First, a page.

Do workplace physical activity interventions improve mental health outcomes?

Occup Med (Lond) 2014; 64: 235-45


Chu AH, Koh D, Moy FM, Muller-Riemenschneider F


BACKGROUND: Mental health is an important issue in the working population. Interventions to improve mental health have included physical activity. AIMS: To review evidence for the effectiveness of workplace physical activity interventions on mental health outcomes. METHODS: A literature search was conducted for studies published between 1990 and August 2013. Inclusion criteria were physical activity trials, working populations and mental health outcomes. Study quality was assessed using the Jadad scale. RESULTS: Of 3684 unique articles identified, 17 met all selection criteria, including 13 randomized controlled trials, 2 comparison trials and 2 controlled trials. Studies were grouped into two key intervention areas: physical activity and yoga exercise. Of eight high-quality trials, two provided strong evidence for a reduction in anxiety, one reported moderate evidence for an improvement in depression symptoms and one provided limited evidence on relieving stress. The remaining trials did not provide evidence on improved mental well-being. CONCLUSIONS: Workplace physical activity and yoga programmes are associated with a significant reduction in depressive symptoms and anxiety, respectively. Their impact on stress relief is less conclusive.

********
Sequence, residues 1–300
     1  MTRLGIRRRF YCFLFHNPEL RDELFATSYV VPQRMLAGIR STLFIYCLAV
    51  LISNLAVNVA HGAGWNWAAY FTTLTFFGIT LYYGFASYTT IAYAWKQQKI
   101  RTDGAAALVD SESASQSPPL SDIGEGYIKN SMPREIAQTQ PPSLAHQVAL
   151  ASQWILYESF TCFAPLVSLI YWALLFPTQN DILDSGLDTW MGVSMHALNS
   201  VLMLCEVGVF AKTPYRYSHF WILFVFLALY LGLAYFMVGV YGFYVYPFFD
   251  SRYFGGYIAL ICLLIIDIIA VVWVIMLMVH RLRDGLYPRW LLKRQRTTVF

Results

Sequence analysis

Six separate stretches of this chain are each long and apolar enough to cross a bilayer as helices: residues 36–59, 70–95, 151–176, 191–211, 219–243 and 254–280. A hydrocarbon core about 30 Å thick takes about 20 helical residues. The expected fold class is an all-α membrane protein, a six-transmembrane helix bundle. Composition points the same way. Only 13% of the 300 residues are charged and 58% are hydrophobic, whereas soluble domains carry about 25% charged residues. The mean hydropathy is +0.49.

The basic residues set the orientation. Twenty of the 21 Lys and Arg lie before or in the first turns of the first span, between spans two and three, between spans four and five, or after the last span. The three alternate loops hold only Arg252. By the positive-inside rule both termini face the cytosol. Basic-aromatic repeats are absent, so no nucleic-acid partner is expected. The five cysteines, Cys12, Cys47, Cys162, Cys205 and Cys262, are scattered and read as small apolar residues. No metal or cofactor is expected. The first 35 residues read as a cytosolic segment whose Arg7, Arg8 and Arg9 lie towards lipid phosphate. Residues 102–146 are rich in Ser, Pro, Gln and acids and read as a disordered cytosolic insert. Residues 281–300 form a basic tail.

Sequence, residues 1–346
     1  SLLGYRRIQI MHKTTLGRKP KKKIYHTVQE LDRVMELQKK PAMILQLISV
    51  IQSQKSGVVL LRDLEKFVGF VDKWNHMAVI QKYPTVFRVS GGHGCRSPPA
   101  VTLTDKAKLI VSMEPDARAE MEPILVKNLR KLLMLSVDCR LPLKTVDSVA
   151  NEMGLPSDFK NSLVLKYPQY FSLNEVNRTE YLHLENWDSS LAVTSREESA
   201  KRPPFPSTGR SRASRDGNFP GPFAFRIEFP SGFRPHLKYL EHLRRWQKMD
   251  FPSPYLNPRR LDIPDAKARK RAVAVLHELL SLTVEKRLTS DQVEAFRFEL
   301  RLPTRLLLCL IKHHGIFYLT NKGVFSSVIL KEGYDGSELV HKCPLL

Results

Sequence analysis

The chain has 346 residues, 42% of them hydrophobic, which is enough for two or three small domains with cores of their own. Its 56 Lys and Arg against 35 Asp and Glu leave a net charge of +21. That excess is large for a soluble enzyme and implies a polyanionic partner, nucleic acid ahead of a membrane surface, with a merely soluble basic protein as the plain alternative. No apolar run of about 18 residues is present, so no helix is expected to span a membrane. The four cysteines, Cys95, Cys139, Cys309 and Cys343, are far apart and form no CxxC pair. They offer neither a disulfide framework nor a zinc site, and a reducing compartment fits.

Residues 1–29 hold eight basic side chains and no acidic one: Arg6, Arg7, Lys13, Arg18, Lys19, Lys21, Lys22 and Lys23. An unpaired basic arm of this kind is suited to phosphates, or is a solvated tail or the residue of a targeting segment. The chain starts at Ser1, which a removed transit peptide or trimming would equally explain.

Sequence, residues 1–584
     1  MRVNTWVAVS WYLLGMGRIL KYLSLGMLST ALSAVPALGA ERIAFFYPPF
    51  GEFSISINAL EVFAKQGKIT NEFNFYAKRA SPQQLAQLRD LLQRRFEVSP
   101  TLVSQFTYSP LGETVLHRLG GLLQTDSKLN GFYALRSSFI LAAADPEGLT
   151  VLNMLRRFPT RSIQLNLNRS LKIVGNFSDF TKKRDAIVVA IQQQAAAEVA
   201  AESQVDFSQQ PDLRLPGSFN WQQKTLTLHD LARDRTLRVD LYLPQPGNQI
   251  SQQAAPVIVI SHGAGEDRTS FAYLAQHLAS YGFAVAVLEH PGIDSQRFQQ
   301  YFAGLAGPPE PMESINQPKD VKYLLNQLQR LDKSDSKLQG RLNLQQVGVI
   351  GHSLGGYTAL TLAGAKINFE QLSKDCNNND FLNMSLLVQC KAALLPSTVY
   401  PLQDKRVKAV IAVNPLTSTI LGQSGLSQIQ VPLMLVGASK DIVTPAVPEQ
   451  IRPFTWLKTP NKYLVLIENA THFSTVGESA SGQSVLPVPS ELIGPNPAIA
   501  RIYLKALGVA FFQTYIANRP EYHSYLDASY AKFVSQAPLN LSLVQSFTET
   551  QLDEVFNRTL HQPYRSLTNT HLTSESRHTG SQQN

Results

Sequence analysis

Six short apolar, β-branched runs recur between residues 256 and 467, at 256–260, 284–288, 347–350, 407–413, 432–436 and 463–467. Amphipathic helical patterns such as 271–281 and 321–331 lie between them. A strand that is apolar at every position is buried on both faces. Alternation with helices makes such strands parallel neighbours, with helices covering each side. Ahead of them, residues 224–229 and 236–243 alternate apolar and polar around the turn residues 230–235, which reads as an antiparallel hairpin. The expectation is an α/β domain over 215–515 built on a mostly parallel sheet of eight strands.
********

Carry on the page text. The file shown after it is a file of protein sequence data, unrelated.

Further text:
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The Occupational Medicine Clinic is a referral clinic for occupational diseases and is open on every Friday in University Malaya Medical Centre.